A controversial plan to ban vehicles from the center of Balboa Park was unanimously endorsed Thursday by the city of San Diego's Planning Commission.
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Qualcomm co-founder Irwin Jacobs funded development of the $45 million plan, which envisions a 405-foot-long bypass bridge to take traffic away from the Plaza de Panama and Plaza de California, along with construction of an underground 822-space parking garage near the Spreckels Organ Pavilion.
With the 7-0 vote, the commission recommended the project's passage to the City Council, which will make the final decision next month.
The basic idea of getting rid of cars from the center of the park to make it more pedestrian-friendly is almost universally accepted but, for opponents who overflowed the Council Chamber in the City Administration Building, the devil is in the details, especially when it comes to what would be called the Centennial Bridge.
Leaders of the group Save Our Heritage Organisation say the new structure would destroy the beauty of the west side of the park and traffic changes would disrupt the peaceful atmosphere of the Alcazar Gardens. Others question plans to charge for parking in the new structure, which they worry could become a financial liability for the city.
Bruce Coons, the head of SOHO, called the Plaza de Panama plan "elective surgery" with bad trade-offs.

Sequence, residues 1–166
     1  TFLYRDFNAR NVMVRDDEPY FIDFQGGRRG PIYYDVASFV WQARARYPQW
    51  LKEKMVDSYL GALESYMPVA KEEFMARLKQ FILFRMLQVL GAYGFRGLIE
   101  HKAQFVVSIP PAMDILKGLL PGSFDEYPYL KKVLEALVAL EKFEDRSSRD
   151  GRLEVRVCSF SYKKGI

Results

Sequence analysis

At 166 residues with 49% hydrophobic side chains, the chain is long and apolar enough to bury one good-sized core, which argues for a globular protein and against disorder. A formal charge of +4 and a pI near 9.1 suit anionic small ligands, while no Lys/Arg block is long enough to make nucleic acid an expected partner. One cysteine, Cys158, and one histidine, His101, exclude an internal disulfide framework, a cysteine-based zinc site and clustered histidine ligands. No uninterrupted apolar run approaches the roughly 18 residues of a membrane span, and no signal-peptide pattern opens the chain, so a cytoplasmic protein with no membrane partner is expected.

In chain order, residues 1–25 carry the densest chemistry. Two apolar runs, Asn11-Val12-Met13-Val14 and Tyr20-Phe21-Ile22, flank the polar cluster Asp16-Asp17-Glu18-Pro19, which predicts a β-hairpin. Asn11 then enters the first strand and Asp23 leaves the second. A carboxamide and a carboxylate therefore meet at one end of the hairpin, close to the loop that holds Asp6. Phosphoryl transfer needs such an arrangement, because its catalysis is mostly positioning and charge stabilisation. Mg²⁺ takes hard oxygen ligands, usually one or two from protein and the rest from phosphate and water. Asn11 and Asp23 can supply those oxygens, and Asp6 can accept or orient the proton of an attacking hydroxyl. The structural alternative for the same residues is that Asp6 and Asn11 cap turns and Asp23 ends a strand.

Bill Lewis, an architect who designed a competing proposal, said the parking garage should be under the plazas so that patrons will be close to museums on the prado, some of which would struggle if parking was far away.
"We think there's a better way of doing it -- we think there is a more cost-effective way of doing it," Lewis said.
Jacobs said a "tremendous amount of work" has gone into development of the proposal and study of nearly two dozen alternatives over the past two years. Most of the other plans weren't feasible or failed to meet project goals, he said.
"The Plaza de Panama project was carefully designed to allow for the reclamation of the park, while at the same time maintaining convenient public access," Jacobs said.
"The Centennial Bridge will be a new structure in Balboa Park and thus has historic impact, but the benefits the project will realize -- beautiful open plazas activated with people, increased parking and access, and dramatically reduced conflicts between cars and people -- justify the addition of this bridge," Jacobs said.
He said his plan gives the best balance of any of the proposals and it is supported by park institutions and the tourism industry.
"Every plan for Balboa Park in the last 50 years has had a goal of returning the park to the people -- and nothing has been done," Jacobs said. "We now have a chance to accomplish this goal."
Commission Chairman Eric Naslund noted the mix of vehicles and pedestrians in the plazas and said it was "unbelievably to me how it even got that way."
He said he would reluctantly accept the bypass bridge in order to take advantage of the project's benefits.
Supporters of the plan hope to have the changes to the park implemented in time for the 100-year anniversary of the 1915 Panama-California Exposition.
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